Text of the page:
PaperCity Magazine

March 2016 - Houston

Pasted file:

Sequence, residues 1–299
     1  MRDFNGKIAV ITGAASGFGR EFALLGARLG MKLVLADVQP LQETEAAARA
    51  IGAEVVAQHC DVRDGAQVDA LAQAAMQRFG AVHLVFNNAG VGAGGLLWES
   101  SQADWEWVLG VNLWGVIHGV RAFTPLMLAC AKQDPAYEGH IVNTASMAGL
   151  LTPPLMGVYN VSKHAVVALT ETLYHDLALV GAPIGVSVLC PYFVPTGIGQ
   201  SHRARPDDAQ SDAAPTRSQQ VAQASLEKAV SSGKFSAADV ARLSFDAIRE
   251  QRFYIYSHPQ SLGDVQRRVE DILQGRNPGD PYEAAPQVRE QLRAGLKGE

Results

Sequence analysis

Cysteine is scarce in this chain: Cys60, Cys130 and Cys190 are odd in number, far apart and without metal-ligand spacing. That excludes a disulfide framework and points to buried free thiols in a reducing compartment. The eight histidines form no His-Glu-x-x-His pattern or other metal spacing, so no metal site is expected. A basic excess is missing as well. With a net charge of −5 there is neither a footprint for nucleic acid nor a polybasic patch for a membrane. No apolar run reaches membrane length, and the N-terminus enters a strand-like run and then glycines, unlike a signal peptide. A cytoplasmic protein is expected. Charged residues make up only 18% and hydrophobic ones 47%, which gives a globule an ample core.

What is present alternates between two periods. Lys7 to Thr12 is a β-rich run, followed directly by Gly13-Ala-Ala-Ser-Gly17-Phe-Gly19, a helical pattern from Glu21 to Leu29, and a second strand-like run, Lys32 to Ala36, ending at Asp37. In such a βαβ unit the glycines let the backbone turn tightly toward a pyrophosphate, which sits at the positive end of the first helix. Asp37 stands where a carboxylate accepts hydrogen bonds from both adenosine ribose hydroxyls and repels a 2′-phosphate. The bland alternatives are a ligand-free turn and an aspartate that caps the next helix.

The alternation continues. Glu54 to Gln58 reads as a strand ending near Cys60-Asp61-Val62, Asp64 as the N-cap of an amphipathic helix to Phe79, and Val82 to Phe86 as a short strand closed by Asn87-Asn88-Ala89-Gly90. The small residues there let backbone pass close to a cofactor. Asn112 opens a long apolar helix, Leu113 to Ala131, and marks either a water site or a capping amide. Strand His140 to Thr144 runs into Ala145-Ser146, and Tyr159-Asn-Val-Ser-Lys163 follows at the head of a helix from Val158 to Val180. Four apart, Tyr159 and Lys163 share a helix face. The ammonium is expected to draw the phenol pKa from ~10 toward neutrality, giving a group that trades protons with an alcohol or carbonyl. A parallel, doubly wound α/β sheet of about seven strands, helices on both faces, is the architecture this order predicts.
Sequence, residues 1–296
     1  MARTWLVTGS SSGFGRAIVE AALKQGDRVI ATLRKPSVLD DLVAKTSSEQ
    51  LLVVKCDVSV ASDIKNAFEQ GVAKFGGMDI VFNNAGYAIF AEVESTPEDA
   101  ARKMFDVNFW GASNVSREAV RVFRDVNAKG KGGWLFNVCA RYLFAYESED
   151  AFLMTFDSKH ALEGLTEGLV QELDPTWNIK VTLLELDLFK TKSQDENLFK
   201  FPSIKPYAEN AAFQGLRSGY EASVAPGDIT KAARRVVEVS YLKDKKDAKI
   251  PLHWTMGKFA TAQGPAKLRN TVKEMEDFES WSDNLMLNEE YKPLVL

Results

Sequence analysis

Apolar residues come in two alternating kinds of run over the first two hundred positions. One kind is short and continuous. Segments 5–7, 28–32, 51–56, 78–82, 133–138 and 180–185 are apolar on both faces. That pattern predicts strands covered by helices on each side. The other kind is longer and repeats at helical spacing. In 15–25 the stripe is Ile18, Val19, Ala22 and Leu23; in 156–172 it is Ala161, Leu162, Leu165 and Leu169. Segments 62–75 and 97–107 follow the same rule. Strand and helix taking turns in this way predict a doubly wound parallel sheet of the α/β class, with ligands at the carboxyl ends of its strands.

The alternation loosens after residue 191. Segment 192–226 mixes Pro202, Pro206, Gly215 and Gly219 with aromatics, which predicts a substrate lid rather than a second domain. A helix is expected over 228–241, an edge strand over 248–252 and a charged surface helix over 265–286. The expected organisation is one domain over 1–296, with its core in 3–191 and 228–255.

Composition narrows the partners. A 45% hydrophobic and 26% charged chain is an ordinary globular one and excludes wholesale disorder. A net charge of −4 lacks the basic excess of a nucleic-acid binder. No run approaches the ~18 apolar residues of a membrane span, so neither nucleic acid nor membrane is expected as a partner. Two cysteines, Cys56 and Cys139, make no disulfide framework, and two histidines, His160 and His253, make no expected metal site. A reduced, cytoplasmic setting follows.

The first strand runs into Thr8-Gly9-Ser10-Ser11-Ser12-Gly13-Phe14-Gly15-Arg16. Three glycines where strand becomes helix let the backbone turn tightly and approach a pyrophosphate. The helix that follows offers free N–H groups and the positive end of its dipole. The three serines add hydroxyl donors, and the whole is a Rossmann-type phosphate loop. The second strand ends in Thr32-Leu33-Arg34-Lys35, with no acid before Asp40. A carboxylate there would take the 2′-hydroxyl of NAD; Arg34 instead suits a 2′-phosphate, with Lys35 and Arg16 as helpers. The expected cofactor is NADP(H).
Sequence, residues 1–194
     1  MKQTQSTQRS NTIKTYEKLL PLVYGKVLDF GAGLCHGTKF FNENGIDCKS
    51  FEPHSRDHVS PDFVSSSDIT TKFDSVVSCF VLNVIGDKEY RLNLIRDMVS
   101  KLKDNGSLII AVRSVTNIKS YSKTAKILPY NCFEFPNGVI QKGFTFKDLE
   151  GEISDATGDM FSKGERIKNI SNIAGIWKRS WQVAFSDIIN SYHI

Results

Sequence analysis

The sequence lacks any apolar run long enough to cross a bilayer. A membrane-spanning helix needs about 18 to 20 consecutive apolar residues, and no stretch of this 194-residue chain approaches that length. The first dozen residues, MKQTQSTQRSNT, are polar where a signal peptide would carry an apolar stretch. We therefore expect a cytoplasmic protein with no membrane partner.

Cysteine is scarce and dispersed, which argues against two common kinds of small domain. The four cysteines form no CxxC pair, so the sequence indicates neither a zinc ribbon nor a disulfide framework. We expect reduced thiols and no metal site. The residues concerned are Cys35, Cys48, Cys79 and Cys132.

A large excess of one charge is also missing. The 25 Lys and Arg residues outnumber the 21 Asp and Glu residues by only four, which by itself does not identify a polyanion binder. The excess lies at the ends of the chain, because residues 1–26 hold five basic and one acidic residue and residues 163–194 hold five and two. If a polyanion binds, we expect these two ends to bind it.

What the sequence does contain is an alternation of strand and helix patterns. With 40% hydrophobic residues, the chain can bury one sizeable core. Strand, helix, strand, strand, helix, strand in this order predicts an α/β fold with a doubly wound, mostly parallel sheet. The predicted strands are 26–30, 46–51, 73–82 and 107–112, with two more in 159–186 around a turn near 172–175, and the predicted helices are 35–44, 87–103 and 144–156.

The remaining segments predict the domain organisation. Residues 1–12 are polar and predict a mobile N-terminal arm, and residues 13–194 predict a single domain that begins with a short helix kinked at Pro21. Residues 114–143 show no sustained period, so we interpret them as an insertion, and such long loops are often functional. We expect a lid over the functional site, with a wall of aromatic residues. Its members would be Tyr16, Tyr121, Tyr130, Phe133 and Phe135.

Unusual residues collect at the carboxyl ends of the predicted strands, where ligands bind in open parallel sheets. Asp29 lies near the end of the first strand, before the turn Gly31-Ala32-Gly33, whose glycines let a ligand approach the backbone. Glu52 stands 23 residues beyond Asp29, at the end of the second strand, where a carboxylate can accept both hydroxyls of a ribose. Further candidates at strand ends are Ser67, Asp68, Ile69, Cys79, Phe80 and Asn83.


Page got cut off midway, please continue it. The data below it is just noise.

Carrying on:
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DECORATION JENNIFER ANGUS' INSECT OBSESSION WINGS TO HOUSTON GOING BUGGY O ne of the most captivating installations this spring takes place not at the Contemporary Arts Museum Houston or the Blaffer Art Museum but at Esperson Gallery at GreenStreet. This veritable time machine will transport you back to the Victorian age, when the natural world possessed real magic and collectors were obsessed with W hen designer Garrett Hunter and architect Michael Landrum decide to pool their extraordinary wares and open a shop, stand back. Hunter is known for the exquisite placement of unusual and amazing furnishings and objects with fascinating backstories; Landrum designs enchanting projects with art and furnishings as focal point. Together they've opened Tienda X, filled with the rare bohemian masterpieces both men are drawn to. We saw fiberglass-and-resin chairs made from a gingko-leaf-pattern mold that are being produced in-house ($7,000); an exceptionally brilliant and angular Joe D'Urso gold-colored velvet chaise longue designed for a house in the Hamptons in the '70s ($12,000); a Tobia Scarpa prototype for a desk, early '60s Italian ($25,000); and a pair of amazing and rare Victor Delfin leather-and-metal chairs ($20,000 for pair) — Delfin was one of the most important contemporary artists in Peru and made only a handful of chairs. We also saw a fantastic Orientalist sofa and two chairs made from Oriental rugs — very Hearst Castle; a steel chaise prototype, Italian '70s; and a modular Shaker long table that can be taken apart for traveling. When you enter the dark charcoal bricked building, take a look at the door hardware, inside and out — black metal masks fashioned by a Vermont artist who will be making these and more hardware for Tienda X. Need we go on. Tienda X, 1420 W. Alabama, 713.534.1257,; open Wednesday – Saturday, noon – 5 pm — gentleman hours. Holly Moore X MARKS THE SPOT Jennifer Angus installs In the Midnight Garden, 2015, at the Renwick Gallery, Smithsonian American Art Museum COURTESY RENWICK GALLERY, SMITHSONIAN AMERICAN ART MUSEUM, PHOTO RON BLUNT PHOTOGRAPHY MAX BURKHALTER. ART DIRECTION MICHELLE AVIÑA. Orientalist chair made from Oriental carpets Michael Landrum, Garrett Hunter Rare Victor Delfin leather-and-metal chairs Seventeenth-century Spanish Vargueño and 19th-century portrait Fiberglass-and-resin chair made from a gingko-leaf mold, antique brass Chinese pagoda lantern Deco crystal chandelier above Italian stone-and- iron table with abstract pink resin stool, Pierre Jeanneret chairs in background Seventies female nude sculptures atop a whitewashed Jacobean library table, with rare Victor Delfin chairs Jennifer Angus' Insecta Fantasia (detail), 2008-2009, at the Newark Museum COURTESY NEWARK MUSEUM, NEWARK, NJ cicada, part grasshopper and wear dresses made of beeswax rule these places. Look out for some new colorful praying mantis." Her solo in Houston coincides with her inclusion in a prestigious nine-artist group show at the Smithsonian, "Wonder," which spills throughout two floors of the newly renovated Renwick Gallery; there, her wallpaper from insect specimens collected from around the world steals the show from talents such as Maya Lin and Leo Villareal (through May 7). For our Q&A with Angus, wing it to "Jennifer Angus: Silver Wings and Golden Tails" at Esperson Gallery at GreenStreet, March 24 through June 24. Catherine D. Anspon acquiring rare and beautiful insect specimens from the corners of the (mostly British) empire to display under bell jars. For the Esperson show (March 24 through June 24), University of Wisconsin professor of design studies Jennifer Angus creates a unique take on bug mania, with insects literally taking over the walls and filling elaborate etymological dioramas. The exhibition incorporates "cicadas, grasshoppers, katydids, beetles, walking sticks, moving leaf…" Angus shares via email. "My plan is to show a little bit of all the things I do, from installation to printmaking to fanciful narrative type dioramas. I would be inclined to call this show a broad survey of my work. I've created some brand- new insect dioramas under bell jars. Far from a traditional museum diorama, the insects in my work live in otherworldly environments where anything is possible. The mysterious cicada ladies who are part

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